The City Magazine Since 1975

Hibernian Hall

Hibernian Hall
March 2019

On March 18, 1839, the Irish organization known as the Hibernian Society laid the first cornerstone for a new hall at 105 Meeting Street. The building has survived fire, war, the 1886 earthquake, politics, and innumerable St. Patrick’s Day celebrations. Included on the National Register of Historic Places, it reigns today as one of the most notable examples of classical architecture in Charleston. In addition to hosting Society gatherings, it’s among the city’s most well-loved venues for weddings and events

A Giving History  In 1801, Charlestonians of Irish descent founded the Hibernian Society as a benevolent organization that would provide aid and assistance to new immigrants. By the mid-1800s, the all-male group had become one of the city’s most important social clubs, with membership being passed down from generation to generation.

Exclusive Affairs  Each March 17, the Hibernian Society celebrates St. Patrick’s Day with a formal banquet at the hall. The building also sets a beautiful stage for the elite St. Cecelia Society’s annual ball, where many Charleston debutantes make their bows.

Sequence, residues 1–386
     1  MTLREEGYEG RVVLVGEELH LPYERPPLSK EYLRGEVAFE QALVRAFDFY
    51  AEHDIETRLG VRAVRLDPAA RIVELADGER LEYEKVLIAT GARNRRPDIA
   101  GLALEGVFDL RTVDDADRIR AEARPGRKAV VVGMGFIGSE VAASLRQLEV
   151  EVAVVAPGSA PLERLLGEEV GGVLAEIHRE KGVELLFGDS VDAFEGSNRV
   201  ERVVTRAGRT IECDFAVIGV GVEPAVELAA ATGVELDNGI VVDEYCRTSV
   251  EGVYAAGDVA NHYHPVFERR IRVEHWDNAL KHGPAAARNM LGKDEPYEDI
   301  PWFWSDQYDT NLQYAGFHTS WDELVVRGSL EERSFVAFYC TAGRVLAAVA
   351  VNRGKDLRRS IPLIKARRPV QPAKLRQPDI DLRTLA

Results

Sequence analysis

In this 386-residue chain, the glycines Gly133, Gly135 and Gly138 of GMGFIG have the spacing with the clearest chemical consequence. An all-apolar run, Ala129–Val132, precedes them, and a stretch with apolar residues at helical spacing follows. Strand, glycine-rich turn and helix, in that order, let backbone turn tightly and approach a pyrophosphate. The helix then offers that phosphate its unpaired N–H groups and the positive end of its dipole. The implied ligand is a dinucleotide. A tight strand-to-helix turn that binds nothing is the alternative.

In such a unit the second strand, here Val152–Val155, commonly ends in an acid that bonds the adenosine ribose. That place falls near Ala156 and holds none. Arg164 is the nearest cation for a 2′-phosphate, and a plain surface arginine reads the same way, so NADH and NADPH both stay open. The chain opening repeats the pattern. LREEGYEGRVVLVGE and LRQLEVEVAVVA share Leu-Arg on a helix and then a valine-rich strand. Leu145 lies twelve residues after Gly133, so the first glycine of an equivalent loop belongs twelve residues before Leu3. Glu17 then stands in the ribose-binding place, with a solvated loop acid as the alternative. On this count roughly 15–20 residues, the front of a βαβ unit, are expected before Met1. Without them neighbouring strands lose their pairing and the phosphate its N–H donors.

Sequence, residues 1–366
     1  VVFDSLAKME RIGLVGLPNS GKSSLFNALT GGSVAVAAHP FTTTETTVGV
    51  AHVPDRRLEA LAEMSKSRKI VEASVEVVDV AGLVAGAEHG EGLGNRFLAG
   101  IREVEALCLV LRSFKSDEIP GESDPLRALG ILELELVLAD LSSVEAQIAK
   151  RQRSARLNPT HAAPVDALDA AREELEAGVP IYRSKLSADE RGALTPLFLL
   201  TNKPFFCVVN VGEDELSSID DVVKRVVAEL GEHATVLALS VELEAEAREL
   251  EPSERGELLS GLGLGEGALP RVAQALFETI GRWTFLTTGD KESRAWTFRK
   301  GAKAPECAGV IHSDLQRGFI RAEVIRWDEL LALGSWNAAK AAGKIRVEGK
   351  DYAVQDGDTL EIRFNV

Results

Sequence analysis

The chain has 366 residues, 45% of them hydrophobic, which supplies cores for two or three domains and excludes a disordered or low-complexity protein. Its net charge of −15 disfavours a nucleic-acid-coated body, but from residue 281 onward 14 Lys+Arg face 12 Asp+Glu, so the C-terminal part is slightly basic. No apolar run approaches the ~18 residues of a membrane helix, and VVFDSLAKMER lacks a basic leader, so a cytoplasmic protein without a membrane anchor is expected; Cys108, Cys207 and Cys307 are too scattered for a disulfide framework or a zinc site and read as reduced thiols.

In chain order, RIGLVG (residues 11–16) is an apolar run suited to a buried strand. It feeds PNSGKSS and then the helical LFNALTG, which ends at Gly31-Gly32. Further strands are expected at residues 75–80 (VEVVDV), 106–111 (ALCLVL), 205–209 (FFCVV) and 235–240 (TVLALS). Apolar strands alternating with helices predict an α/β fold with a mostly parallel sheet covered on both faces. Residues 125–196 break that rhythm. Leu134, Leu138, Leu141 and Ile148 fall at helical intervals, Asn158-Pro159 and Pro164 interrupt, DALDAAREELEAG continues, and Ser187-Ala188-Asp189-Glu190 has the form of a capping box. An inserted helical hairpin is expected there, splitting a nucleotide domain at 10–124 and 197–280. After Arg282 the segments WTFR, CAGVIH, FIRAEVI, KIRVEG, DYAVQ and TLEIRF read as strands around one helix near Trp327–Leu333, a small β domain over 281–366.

Reviving Greek Grandeur  Designed by Philadelphia architect Thomas Ustick Walter—famous for his work on the capitol dome in Washington, D.C.—the structure was the first in Charleston to be built in the northern Greek Revival style. It was modeled after a temple on Athens’s Illisos River built in 449 B.C.

Political BedFellows  During the contentious 1860 presidential election, the hall gained national significance for its use as the Charleston headquarters for Democratic presidential candidate Stephen A. Douglas. While the first floor held meetings and rallies, the second housed hundreds of cots, serving as living quarters for out-of-town conventioneers.

Disaster Falls  The Great Earthquake of August 31, 1886, brought the massive pillars and pediment crashing down. In rebuilding, the original ionic pediment was replaced with Corinthian features. The wrought- iron lamp posts also took a tumble. They weren’t reinstalled until the 1940s, when Mrs. Lionel Legge found them in a local antiques shop and raised $300 for their purchase and restoration.

Noteworthy  Renowned Charleston ironworker Christopher Werner crafted the lamps as well as the gate that’s crowned by an Irish harp (the same shape is carved into the panel above the main door).